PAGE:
Should numbers inside the text be placed inside a math environment?
For example, if I am writing
...indent code by 4 spaces..., should I write it this way or
...indent code by $4$ spaces...?
Perhaps the output is the same but semantically they are not and maybe LaTeX can treat them differently in some cases. Which is the right one?
For instance, how does LaTeX treat the numbers in the counters it uses for numbering the sections or pages, etc? Does it treat them as numbers in a
Math environment or as numbers inside text?
Of course, if the output can never be different in any situation, then well, it just doesn't matter.
The answer to your question strongly depends on whether the math-mode numerals appear to be (more or less) the same as text-mode numerals, for the font you use. If the two sets of numerals happen to be exactly the same, nobody will ever be able to tell unless they have access to the source code...
However, if they differ noticeably in appearance -- say, because "oldstyle" numerals are used in text mode, which in general should not be used in mathematical expressions -- you obviously need to be careful to distinguish between the two types of numerals.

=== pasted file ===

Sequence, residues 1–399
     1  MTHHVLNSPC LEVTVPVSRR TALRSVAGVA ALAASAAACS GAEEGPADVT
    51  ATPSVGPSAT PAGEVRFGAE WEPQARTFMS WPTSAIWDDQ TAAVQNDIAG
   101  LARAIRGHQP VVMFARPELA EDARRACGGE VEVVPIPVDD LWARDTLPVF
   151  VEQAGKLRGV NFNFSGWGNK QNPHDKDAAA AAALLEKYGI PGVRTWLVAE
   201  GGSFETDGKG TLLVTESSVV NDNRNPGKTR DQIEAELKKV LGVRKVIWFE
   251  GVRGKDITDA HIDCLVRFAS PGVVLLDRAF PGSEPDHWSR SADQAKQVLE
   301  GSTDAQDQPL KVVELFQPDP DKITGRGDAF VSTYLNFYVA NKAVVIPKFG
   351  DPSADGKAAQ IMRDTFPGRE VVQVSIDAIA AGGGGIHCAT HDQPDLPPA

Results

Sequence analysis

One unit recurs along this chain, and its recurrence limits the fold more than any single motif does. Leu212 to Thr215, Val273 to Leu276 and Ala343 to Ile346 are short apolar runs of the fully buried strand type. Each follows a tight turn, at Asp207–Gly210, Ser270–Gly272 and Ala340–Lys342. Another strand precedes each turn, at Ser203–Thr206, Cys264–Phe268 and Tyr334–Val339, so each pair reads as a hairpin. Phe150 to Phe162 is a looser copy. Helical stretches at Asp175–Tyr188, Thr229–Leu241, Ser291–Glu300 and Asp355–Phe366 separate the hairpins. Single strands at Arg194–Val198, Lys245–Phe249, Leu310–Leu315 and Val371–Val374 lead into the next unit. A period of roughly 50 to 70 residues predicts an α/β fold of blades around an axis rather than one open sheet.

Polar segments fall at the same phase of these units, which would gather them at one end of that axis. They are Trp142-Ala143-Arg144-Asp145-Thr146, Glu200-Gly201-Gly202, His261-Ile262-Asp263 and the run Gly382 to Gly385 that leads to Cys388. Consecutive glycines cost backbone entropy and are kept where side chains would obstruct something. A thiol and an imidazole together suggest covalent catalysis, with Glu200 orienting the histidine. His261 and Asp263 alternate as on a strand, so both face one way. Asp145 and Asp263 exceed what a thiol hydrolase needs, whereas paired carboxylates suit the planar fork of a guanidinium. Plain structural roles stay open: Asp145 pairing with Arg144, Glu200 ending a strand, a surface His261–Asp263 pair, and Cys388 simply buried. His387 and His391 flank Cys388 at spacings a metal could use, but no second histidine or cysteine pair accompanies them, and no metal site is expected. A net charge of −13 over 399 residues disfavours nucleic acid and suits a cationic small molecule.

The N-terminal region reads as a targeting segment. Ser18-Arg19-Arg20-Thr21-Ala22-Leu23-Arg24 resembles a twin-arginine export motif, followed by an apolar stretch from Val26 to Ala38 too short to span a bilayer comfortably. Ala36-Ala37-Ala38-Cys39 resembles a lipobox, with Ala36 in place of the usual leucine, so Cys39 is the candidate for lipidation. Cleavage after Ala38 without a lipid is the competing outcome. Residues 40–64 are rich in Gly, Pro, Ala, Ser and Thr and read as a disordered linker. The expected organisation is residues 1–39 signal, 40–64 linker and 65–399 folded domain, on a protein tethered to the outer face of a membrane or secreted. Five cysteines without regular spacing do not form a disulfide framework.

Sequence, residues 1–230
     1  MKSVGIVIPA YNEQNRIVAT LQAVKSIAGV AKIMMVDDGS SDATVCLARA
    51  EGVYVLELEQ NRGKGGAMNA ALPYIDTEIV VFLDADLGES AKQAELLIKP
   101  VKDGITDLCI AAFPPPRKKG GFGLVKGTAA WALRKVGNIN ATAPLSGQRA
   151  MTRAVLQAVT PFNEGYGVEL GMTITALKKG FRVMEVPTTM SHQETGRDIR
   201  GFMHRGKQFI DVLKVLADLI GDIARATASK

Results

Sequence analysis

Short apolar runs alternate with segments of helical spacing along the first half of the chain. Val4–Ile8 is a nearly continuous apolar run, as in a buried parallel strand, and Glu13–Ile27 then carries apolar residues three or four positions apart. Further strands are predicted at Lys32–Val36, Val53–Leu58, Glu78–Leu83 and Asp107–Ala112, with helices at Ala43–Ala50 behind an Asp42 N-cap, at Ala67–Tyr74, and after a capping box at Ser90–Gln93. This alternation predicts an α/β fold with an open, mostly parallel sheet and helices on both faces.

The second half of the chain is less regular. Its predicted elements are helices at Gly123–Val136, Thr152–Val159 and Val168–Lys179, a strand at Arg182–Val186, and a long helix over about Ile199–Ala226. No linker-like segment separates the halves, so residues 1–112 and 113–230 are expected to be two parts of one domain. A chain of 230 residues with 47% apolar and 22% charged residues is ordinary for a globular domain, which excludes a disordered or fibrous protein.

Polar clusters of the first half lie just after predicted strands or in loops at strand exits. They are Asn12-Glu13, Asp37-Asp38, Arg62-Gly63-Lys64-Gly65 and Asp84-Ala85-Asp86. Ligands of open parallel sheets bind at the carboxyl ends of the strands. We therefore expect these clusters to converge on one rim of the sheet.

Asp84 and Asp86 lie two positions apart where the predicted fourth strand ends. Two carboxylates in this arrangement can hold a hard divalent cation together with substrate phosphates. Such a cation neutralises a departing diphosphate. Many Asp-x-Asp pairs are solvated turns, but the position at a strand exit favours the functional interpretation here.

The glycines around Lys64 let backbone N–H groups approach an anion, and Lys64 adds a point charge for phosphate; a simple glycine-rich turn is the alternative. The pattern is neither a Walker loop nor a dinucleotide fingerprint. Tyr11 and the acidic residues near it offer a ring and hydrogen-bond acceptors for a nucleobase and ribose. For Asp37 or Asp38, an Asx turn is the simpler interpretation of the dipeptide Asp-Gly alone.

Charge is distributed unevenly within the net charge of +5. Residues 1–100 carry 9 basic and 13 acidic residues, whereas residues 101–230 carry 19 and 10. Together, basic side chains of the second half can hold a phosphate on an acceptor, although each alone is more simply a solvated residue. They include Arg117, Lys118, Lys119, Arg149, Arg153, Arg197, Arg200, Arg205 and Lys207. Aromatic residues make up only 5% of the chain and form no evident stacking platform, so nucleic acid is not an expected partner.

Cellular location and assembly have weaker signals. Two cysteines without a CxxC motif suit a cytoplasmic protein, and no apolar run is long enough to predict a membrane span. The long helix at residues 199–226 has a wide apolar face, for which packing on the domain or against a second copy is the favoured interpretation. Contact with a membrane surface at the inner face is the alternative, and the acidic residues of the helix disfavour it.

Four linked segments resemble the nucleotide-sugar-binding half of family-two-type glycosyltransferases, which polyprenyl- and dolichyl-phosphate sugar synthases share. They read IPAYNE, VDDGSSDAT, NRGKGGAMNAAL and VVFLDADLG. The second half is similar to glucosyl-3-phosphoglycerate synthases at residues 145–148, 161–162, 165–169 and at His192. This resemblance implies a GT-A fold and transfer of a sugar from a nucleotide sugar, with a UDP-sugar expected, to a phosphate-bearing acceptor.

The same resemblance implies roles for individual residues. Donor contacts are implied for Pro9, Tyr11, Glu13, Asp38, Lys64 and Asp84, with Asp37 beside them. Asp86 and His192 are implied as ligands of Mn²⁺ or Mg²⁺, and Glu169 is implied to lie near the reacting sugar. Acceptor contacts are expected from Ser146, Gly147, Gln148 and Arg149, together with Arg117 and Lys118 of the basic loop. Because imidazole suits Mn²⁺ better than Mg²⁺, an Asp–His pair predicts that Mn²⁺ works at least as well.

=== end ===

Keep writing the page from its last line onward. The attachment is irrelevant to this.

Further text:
The following is an excerpt from Knuth's article "Typesetting Concrete Mathematics" (TUGBoat, 1989) [Aside: The textbook Concrete Mathematics was typeset using
Concrete Romanas the text font and
Euleras the math font]:
What's the upshot of all this? I'd say it's the following: even if at present you're using text and math fonts that have identical-looking numerals, you should still be willing to make the extra effort today to set those numerals that are parts of math expressions in math mode -- as long as there is a chance that you might wish to re-publish your piece one day using fonts for which the math- and text-mode numerals are no longer the same.
What, then, are instances of when you should use text-mode numerals? In addition to the examples given in the preceding quote, I'd also nominate the following: page numbers; numbers of chapters, sections etc; dates (December 25, August 1, ...), and (depending on the circumstances) equation numbers. Obviously, this short list is not meant to be exhaustive.
Addendum: I just noticed that the first two up-votes to this answer earned me my 10,000th point in the TeX.SE group. Thanks everyone!! :-)